Plant Peptides Guide Iron to Fuel Nitrogen Fixation

Researchers led by University of Tsukuba, based on the internal nitrogen status of a leguminous plant, have discovered peptide factors that function in the shoot and root systems to transport iron into the root nodules colonized by nitrogen-fixing bacteria. Moreover, these peptide factors regulate nitrogen homeostasis by maintaining a balance between nitrogen and iron concentrations in plants without rhizobial symbiosis.

Leguminous plants have a mechanism (rhizobial symbiosis) to efficiently acquire nitrogen, which is an essential macronutrient for growth, through the nitrogen-fixing bacteria rhizobia. Root nodules are organs on plant roots that facilitate the symbiotic relationship. Rhizobia coloniza these nodules and fix nitrogen by converting nitrogen from air into ammonia. Iron is needed for the enzymes that catalyze nitrogen fixation; however, where and how iron is transported to the nodule and used for nitrogen fixation is largely unknown.

In this study, using the legume model plant Lotus japonicus, a transcriptome analysis was performed based on the nitrogen status in the plant body during the rhizobial symbiosis process. IRON MAN (IMA) peptides consisting approximately 50 amino acids were identified, which function systemically (shoot and root systems) to collect iron into the nodules following rhizobial infection.

Furthermore, the function of IMA peptides was analyzed in L. japonicus and Arabidopsis thaliana, a plant devoid of rhizobial symbiosis. In both plant species, the IMA peptides maintained nitrogen homeostasis by obtaining iron in response to increased nitrogen concentrations in the plant body, thereby regulating plant growth.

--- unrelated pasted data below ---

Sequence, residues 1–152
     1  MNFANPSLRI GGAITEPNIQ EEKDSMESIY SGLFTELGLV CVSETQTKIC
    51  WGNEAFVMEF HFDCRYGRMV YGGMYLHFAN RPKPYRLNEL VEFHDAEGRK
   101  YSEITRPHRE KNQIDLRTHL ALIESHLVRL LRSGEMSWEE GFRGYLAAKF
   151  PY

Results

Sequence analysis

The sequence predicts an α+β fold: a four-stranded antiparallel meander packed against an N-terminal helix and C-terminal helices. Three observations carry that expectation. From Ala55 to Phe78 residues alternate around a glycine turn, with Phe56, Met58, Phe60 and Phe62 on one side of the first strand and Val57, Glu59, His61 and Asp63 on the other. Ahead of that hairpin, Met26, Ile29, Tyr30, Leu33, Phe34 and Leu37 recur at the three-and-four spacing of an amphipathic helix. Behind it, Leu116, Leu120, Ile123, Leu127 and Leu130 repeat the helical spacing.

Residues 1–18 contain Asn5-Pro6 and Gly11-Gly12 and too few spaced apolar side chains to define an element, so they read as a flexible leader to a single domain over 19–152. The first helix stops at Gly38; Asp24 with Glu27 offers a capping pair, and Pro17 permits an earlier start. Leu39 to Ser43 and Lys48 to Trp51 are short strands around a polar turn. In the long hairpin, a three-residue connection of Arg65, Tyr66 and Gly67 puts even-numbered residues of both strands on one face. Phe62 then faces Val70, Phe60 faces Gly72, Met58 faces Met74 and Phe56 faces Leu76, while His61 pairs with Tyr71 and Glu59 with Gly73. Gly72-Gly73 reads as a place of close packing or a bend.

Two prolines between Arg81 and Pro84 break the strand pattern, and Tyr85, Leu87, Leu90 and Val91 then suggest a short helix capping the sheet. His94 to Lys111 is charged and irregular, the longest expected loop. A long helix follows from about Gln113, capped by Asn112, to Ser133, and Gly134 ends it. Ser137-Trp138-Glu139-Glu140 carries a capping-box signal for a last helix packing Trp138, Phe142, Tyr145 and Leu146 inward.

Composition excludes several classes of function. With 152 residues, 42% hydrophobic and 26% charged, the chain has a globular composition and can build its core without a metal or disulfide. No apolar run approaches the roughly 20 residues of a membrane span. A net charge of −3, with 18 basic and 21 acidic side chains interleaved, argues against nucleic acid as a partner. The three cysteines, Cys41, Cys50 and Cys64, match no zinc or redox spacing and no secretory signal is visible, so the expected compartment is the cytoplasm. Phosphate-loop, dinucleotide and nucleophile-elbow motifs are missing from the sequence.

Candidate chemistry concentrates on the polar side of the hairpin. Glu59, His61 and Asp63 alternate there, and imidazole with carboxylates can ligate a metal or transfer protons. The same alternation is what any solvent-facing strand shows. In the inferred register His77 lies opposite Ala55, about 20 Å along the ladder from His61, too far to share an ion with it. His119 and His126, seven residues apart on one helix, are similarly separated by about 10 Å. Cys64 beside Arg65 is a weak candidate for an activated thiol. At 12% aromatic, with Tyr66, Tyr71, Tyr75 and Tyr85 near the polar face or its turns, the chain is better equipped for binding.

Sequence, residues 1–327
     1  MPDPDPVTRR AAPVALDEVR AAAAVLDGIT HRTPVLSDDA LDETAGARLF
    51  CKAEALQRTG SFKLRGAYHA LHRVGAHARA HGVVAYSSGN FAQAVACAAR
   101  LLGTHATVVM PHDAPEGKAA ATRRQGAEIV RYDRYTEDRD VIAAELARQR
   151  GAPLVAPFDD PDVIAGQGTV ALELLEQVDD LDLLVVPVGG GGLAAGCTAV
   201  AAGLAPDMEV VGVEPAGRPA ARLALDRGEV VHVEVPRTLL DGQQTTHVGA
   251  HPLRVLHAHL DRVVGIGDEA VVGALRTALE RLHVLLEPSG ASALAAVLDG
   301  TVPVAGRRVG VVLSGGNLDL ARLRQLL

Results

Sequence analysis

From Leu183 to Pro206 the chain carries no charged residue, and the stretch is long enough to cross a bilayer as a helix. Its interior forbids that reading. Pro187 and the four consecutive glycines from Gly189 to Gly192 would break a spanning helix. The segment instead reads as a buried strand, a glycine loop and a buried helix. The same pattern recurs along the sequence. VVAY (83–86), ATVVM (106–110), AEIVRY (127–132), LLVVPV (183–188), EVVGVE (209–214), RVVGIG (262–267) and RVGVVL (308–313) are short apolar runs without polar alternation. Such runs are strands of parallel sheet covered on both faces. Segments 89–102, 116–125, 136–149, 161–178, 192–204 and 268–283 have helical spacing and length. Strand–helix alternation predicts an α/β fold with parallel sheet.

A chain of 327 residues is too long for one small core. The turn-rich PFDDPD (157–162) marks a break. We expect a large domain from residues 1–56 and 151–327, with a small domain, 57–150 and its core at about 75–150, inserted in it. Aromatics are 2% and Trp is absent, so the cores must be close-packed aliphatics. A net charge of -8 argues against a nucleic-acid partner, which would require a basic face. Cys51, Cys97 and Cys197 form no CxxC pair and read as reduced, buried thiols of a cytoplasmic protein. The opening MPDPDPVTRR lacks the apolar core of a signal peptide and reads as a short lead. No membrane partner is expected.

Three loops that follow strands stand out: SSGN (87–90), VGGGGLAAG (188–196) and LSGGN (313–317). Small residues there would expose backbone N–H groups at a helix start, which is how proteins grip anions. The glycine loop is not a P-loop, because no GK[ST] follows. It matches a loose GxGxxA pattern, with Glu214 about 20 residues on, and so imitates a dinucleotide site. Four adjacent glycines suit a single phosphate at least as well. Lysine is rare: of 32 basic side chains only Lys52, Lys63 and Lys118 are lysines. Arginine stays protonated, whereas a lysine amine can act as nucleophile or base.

The research group previously identified a mechanism for regulating rhizobial symbiosis in response to presence of nitrogen in the soil. This study builds on previous studies by clarifying the underlying mechanism of iron acquisition in response to nitrogen, which provides further insight into the mechanisms of plant adaptation to the environment.

These findings are promising for the development of new technologies that contribute to a sustainable society by maximizing the capacity of plants for microbial symbiosis in terms of nutrient use.

This research was supported by Ministry of Education, Culture, Sports, Science and Technology KAKENHI grants (JP20H05908 and JP23H02495 to T.S.); JSTMirai Program (JPMJMI20E4) to T.S.

Source:
Journal reference:

Ito, M., et al. (2024). IMA peptides regulate root nodulation and nitrogen homeostasis by providing iron according to internal nitrogen status. Nature Communications. doi.org/10.1038/s41467-024-44865-4.

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